The Germans had given way to the Irish who in 1950 shared political power with an Italian and a Jew. The ethnic division of the city could also be observed less directly. Many occupations were ethnically identifiable: the police and fire departments were overwhelmingly Irish; the construction trades were Italian; the merchants were largely Jewish, the small luncheonettes were Greek, the large businesses were owned and operated by WASPs, skilled craftsmen were likely to be German, and the factory operatives were Irish, Polish and Italian. Even the city’s taxicabs had ethnic identifications…yellow cabs were operated by the Irish, 20th Century cabs by Jews, Brown and White cabs by Italians, and Green cabs by blacks.

Newark’s Changing Demographics

Ghettoization continued in Newark. By 1940, the Third Ward (today’s Central Ward) alone contained more than 16,000 black residents. By 1944 nearly one third of the apartments and housing in the black areas were below the standards of minimum decency. Some houses still had outside bathrooms.

The slums were among the worst in the nation. The situation was particularly grim for African Americans, clustered on “the hill” just west of the Essex County Court House. Public Housing did not help a lot. There were 7 low-income projects finished before the war, but by 1946, there were 2,110 white families and only 623 black families in the buildings. Four of the projects housed no black people. The best low-rise public housing, such as Bradley Court, was reserved for whites; while the poorest units, such as F.D.R. Homes, were reserved for blacks. Ultimately, the majority of African Americans were steered into the growing number of high rise public housing which just happened to be built in the center city where black people had been confined beginning at the turn of the 20th century.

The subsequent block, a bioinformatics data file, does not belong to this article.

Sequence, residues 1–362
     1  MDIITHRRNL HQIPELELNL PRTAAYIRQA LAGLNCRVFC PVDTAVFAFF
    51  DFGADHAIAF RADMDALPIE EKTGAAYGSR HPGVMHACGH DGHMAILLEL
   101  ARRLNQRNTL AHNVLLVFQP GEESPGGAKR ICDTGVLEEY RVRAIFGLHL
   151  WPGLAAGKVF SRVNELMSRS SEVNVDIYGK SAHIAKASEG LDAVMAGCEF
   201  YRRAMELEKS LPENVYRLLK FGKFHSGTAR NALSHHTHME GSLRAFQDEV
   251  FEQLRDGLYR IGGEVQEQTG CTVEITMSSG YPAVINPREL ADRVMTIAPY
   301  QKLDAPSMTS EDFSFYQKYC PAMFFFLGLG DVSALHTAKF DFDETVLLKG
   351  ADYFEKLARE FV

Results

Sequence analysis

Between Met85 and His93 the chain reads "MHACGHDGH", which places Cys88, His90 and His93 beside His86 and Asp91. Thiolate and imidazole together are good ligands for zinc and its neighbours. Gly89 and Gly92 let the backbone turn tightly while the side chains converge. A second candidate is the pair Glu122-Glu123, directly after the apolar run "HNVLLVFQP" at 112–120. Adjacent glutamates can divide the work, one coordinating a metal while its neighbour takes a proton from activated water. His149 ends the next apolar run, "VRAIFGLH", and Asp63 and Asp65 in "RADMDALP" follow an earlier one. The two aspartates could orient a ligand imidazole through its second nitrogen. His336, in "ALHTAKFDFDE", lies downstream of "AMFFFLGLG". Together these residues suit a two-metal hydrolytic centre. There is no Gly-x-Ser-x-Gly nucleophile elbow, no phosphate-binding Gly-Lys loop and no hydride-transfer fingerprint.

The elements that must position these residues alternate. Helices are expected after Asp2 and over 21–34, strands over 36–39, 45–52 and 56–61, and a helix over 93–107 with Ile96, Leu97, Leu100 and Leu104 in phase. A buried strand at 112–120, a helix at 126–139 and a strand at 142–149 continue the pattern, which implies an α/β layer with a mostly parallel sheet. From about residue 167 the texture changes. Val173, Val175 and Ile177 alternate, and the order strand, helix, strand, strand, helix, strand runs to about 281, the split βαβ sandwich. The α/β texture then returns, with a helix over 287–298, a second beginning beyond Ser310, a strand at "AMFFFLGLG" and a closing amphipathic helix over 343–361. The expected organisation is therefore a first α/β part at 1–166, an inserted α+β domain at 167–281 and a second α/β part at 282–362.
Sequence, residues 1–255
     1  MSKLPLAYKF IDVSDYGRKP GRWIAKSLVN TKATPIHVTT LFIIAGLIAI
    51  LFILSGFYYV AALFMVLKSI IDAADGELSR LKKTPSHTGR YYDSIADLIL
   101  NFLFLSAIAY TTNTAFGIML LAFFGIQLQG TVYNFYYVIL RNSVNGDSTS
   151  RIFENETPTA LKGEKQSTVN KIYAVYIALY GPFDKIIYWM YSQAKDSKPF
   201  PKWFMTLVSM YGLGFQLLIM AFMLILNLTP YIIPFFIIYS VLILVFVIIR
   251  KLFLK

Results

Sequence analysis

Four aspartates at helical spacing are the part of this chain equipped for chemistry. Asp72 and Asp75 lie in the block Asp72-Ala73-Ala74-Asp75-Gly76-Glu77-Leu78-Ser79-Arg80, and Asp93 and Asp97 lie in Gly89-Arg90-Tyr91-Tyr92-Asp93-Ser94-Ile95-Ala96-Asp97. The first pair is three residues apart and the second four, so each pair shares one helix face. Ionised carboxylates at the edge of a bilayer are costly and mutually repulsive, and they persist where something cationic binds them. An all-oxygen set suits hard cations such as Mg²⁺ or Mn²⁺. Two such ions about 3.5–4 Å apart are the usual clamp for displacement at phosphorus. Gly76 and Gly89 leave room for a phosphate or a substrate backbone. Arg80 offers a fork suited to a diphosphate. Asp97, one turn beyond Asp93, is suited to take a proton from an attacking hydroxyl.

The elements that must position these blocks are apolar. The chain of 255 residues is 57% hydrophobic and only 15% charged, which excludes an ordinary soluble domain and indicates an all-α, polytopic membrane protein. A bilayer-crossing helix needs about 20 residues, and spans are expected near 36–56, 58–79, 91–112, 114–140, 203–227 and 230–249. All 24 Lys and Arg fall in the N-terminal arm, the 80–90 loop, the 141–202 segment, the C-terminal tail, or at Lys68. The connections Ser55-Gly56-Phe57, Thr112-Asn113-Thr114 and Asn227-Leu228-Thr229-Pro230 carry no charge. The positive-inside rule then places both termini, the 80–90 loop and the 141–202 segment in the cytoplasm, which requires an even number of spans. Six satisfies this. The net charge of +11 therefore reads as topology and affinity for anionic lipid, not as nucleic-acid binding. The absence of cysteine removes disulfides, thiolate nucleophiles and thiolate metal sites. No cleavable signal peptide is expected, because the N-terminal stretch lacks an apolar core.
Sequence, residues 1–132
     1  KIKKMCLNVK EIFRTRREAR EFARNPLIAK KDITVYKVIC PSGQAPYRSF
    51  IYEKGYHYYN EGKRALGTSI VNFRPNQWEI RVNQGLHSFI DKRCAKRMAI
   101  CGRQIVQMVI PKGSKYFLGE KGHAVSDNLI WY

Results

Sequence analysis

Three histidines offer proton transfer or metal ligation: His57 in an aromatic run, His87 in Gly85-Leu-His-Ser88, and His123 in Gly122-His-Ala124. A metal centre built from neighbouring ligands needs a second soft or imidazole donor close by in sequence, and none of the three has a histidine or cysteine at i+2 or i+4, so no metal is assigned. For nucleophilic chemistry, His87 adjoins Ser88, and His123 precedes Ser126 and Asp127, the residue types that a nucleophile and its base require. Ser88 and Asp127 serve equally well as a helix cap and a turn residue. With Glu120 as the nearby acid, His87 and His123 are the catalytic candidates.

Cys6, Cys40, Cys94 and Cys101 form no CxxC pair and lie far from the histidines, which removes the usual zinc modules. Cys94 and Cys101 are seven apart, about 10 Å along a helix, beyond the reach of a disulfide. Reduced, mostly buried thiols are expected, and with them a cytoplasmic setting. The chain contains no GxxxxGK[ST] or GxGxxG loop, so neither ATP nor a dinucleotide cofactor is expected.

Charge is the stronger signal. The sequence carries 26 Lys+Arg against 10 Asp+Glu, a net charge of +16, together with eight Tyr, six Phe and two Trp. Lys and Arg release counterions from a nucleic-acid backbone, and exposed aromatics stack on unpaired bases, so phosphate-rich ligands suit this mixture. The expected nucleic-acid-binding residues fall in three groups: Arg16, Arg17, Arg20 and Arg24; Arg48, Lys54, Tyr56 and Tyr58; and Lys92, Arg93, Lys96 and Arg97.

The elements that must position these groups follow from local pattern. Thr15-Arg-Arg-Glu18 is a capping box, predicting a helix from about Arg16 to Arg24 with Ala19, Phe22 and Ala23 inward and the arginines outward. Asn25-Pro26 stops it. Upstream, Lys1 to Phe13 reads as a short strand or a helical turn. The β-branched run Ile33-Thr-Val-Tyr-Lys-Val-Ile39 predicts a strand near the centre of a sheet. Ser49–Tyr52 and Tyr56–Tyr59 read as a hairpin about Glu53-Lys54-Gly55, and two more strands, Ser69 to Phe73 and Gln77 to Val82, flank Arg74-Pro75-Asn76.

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Four of the projects housed no black people.
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The 1950 Census showed the trend in population increases for blacks, and decrease by whites. Newark’s total population rose only slightly from 429,760 in 1940 to 438,776 in 1950. Black residents had increased from 45,760 to 74,965—more than a 60% increase. When newspapers took a look at the faces of misery, increasingly they were black.

Even though the city began hemorrhaging jobs (250 manufacturers left between 1950-60; 1,300 manufactures left during the 1960s), the more dramatic change in the city’s socioeconomic structure was the rapidly changing composition of the city’s population.